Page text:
- PARTISAN SPIN on NSA’s Mining of Internet Content — PRISM (Poll)
Revised: June 08, 2013
San Jose, CA — Responding to critics, President Obama defended the practice of employing the National Security Agency (NSA) and Federal Bureau of Information (FBI) to monitor content provided by a number of internet companies under a program called PRISM/US984XN (PRISM).
While giving an address on Friday in Northern California, Obama noted:
“I think it’s important to recognize that you can’t have 100 per cent security and also then have 100 per cent privacy and zero inconvenience.”
The controversial program became known to the public in extensive reporting by London’s Guardian news agency and The Washington Post. PRISM goes beyond its predecessor; a Bush administration program that used billing records from Verizon, AT&T, and Sprint Nextel to identify potential threats to national security. Applauding the program, national intelligence director James Clapper said of PRISM:
“Information collected under this program is among the most important and valuable intelligence information we collect, and is used to protect our nation from a wide variety of threats…” The administration holds that mining of content submitted by Microsoft Yahoo, Google, Facebook, PalTalk, AOL, Skype, YouTube, and Apple is permitted under the Foreign Intelligence Surveillance Act (FISA) given its focus on non-citizens of the U.S. and individuals operating outside U.S. borders.
Glenn Greenwald led The Guardian’s investigation of PRISM.
“Information collected under this program is among the most important and valuable intelligence information we collect, and is used to protect our nation from a wide variety of threats…”
The administration holds that mining of content submitted by Microsoft Yahoo, Google, Facebook, PalTalk, AOL, Skype, YouTube, and Apple is permitted under the Foreign Intelligence Surveillance Act (FISA) given its focus on non-citizens of the U.S. and individuals operating outside U.S. borders.
At home, PRISM is said to be compliant with FISA as long as NSA minimizes “acquisition, retention and dissemination of incidentally acquired information about U.S. persons.” Abroad, PRISM enables UK’s Government Communications Headquarters [GCHQ], an equivalent to NSA, to bypass legally-mandated processes for government acquisition of personal information provided by internet companies outside of the UK including, but not limited to, emails, photos, audio, and video.
While Obama supports PRISM, Rep. Keith Ellison (D-MN) is harshly critical. In an open letter to the The Co-chair of the Congressional Progressive Caucus, Ellison issued a statement condemning NSA spying programs:
“This indiscriminate data collection undermines Americans’ basic freedoms.
While there are legitimate law enforcement uses for this data,
the scope of the program is a serious case of mission creep and creates a very slippery slope.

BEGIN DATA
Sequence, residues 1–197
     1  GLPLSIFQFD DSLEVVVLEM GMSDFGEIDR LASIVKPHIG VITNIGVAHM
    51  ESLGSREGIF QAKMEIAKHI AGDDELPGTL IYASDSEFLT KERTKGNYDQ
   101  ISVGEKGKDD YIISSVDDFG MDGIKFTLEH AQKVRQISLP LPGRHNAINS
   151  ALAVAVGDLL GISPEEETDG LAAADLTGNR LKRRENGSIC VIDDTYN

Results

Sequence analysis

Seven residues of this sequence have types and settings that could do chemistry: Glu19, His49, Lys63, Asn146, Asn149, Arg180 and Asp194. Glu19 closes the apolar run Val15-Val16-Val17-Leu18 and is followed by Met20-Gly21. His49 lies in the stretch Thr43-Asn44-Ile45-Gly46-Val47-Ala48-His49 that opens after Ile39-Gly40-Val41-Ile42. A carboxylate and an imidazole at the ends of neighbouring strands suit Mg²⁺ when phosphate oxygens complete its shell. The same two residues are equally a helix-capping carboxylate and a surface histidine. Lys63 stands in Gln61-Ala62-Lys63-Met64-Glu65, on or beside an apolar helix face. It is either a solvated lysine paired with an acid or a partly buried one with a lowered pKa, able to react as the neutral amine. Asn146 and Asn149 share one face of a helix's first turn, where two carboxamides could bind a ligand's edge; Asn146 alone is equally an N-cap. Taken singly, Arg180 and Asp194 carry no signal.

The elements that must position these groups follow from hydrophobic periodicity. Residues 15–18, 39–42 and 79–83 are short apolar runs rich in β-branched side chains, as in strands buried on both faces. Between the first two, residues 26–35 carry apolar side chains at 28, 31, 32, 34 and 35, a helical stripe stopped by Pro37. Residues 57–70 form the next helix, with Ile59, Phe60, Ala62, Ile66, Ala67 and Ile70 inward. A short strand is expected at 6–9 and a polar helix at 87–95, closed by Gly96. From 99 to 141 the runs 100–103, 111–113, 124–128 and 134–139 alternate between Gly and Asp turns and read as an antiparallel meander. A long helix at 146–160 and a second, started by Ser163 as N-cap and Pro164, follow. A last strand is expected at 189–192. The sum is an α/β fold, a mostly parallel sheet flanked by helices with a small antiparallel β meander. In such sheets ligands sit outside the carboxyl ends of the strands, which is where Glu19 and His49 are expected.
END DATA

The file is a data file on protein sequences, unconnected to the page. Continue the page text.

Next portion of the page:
Gathering this data just in case it contains something useful does not qualify
as an urgent law enforcement exercise.
Our citizens’ right to privacy is fundamental and non-negotiable.
Domestic surveillance should only be conducted when there is an
imminent need for information. The dragnet nature of this tracking suggests there
was no such imminent threat, making this is a misuse of sections of the Patriot Act
to collect the personal information of millions of Americans. The program we’re
hearing about today seems not to respect that boundary. It, and any other
programs the NSA is running with other telecom companies, should end.”
Ellison’s concerns about the program’s expansive nature mirror disclosures in a recent Washington Post article:
An internal presentation on the Silicon Valley operation, intended for senior analysts in the NSA’s Signals Intelligence Directorate, described the new tool as the most prolific contributor to the President’s Daily Brief, which cited PRISM data in 1,477 articles last year. According to the briefing slides, obtained by The Washington Post, “NSA reporting increasingly relies on PRISM” as its leading source of raw material, accounting for nearly 1 in 7 intelligence reports.
As with virtually every major issue in Washington, politicians and pundits differ on this practice. Once again, security and civil liberties are contending concerns of the American public. However, one might argue that there is a bit of hypocrisy from The White House and both sides of the Congressional isle given their respective positions on government intrusion, big government, and protecting the rights of citizens. Not to mention their angst with the opposing political party on these issues, particularly during the very heated hearings during the Bush administration. A recent FoxNews segment highlights these perspectives and the growing tensions created by our interests in safe and privacy.
The airways are filled with partisan spin on this issue, but where are you on the issue of PRISM?
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